While the historical piece is currently in North Carolina as part of an FHM traveling exhibit, Blankenship said the St. Petersburg museum first included it in a 2008 exhibition about the resistance fighters.
“When that film came out, I consulted with him often about the history, and he lent us artifacts for the exhibit and came and visited and talked to us,” said Blankenship. “So, it was such a special treat to see his face in that exhibit because he has since passed.”
Another highlight for Blankenship was the presence of five Ukrainian teachers.
She said that while the Centropa Academy typically focuses on historical programming, the organization cleared an afternoon for the Ukrainian educators to describe what happened to each of them after Russia invaded their country. All of them, said Blankenship, were living in other parts of Europe at the time to escape the atrocities of war.
She relayed that two of them were actively trying to go home, with one raising money to reopen her school. One was baking pies and sending them to Ukrainian soldiers fighting on the front lines.
“It was just so important for all of us to hear those stories,” said Blankenship.
“And it’s also amazing that these people – who are going through this horrible, traumatic experience – are still so committed to teaching the history of the Holocaust.”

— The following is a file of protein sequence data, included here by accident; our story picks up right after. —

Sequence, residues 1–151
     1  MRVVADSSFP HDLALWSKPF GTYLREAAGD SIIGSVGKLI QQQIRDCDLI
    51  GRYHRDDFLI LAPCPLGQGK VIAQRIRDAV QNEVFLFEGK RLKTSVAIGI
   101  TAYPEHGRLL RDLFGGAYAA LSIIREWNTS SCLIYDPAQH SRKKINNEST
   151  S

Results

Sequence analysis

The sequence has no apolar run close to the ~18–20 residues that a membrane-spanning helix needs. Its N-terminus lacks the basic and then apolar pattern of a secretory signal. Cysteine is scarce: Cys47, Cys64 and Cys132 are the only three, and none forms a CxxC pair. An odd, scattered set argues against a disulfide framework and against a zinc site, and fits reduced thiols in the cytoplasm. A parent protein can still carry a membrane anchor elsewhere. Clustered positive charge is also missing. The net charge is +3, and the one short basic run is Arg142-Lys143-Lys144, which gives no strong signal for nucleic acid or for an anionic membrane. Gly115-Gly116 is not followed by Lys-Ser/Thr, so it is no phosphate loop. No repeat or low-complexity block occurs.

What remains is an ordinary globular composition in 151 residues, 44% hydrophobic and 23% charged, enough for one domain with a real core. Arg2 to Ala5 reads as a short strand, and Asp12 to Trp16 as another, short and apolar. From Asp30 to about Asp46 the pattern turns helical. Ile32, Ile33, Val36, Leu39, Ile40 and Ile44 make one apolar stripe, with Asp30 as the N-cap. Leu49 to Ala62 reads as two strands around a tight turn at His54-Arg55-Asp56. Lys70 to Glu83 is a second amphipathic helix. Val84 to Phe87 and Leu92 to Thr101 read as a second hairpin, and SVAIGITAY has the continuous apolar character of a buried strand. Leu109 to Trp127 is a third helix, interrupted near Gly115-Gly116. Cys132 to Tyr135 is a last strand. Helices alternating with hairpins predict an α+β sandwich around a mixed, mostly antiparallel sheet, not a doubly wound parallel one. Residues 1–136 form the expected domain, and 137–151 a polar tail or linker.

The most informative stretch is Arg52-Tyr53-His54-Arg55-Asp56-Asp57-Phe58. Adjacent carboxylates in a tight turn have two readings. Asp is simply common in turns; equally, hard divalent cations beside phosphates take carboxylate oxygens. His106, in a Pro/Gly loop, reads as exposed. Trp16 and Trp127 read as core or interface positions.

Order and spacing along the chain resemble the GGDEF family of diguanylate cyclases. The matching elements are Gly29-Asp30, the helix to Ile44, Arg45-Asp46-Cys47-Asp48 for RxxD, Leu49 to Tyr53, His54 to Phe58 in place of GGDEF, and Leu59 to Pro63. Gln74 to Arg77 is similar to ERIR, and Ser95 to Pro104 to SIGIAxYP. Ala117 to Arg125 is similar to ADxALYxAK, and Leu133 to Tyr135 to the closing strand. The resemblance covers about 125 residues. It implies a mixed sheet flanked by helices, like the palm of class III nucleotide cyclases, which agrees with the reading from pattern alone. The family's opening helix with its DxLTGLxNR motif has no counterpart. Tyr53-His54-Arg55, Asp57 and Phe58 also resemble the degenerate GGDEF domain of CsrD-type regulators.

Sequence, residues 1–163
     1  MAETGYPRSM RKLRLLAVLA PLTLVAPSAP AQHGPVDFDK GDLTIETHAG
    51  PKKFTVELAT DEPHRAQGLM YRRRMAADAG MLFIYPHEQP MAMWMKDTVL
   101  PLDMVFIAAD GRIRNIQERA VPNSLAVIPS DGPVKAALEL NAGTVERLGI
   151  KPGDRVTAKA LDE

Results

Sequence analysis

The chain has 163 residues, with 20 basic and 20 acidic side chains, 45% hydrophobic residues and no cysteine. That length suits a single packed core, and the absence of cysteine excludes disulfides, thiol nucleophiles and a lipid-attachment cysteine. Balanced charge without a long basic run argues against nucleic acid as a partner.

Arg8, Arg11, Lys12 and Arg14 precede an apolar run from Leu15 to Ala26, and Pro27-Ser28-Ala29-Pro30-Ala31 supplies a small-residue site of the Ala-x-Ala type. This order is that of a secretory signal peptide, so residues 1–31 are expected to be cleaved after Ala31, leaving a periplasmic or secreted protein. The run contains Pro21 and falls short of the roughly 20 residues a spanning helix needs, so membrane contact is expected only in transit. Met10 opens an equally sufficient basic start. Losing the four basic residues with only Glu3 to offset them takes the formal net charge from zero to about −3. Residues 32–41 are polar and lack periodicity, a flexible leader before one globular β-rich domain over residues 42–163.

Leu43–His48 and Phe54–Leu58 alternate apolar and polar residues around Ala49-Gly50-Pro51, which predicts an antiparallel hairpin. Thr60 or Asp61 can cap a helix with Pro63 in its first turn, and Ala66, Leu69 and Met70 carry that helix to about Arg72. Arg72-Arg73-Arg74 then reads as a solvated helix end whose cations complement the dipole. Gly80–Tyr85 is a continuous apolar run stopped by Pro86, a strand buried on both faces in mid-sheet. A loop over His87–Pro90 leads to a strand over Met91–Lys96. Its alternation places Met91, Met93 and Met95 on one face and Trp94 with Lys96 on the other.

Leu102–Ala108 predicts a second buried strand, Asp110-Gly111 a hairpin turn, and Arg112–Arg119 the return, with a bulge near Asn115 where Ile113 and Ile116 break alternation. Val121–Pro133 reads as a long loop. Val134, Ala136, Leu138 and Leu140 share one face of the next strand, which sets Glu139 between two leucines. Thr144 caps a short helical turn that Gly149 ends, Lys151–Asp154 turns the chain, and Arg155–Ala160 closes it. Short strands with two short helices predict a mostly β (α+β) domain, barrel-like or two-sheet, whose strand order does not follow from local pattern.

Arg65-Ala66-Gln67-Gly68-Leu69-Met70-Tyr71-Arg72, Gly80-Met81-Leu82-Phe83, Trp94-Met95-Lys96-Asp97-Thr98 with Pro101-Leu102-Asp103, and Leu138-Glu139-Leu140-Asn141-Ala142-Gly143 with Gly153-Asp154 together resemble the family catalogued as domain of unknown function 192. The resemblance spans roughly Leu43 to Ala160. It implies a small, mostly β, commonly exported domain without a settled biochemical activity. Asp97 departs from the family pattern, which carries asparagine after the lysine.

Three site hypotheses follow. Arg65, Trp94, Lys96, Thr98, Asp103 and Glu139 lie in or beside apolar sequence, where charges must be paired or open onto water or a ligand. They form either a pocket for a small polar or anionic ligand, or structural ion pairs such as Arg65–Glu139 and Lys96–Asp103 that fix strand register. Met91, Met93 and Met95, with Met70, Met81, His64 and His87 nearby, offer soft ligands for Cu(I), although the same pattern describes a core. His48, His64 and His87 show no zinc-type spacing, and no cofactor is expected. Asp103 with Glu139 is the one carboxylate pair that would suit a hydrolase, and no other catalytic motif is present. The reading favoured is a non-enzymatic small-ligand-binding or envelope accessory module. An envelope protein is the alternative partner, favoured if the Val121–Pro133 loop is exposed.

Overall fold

Whether tangible artifacts or ideas, Blankenship said she kept her eyes open for anything she could bring back with her to benefit St. Petersburg.
She lightheartedly said that her profession spoils any hopes of a regular day at a museum and that her colleagues agree with the sentiment. In addition to listening to the stories and reflecting on the art, Blankenship said she also ponders the curators’ thought process when conveying the piece.
“There’s always things that we pick up from other museums and other organizations that are teaching the history,” said Blankenship.
The FHM is still highlighting its Dimensions in Testimony exhibit, which opened last fall. It utilizes ultra-high definition film with natural language technology to allow a conversational and interactive experience between Holocaust survivors and the museum’s visitors. Blankenship said that fortunately, all four survivors interviewed for Dimensions are still healthy and speaking to groups. However, the exhibit ensures that conversations about their experiences will continue “for generations to come.”
Underlying her point, Blankenship mentioned a smaller ongoing exhibit on the museum’s third floor, which details the life and escape of a survivor named Lisl Schick. Blankenship said Schick and other Jewish children were placed on the Kindertransport to escape Vienna as the Nazis overtook the area.
With the help of her foster family, Schick survived with her brother in Great Britain. Blankenship said she was also one of the few kids sent away on the Kindertransport to reunite with their parents. The FHM showcases her story and several objects she donated.
Blankenship said Schick, a regular speaker at the FHM, passed away a few weeks ago.
“And I just want to point out that because Lisl was very special,” said Blankenship. “So, we’re just going to continue to tell her story, and this is one of the ways that we do that.”
For more information on the Florida Holocaust Museum, visit the website here.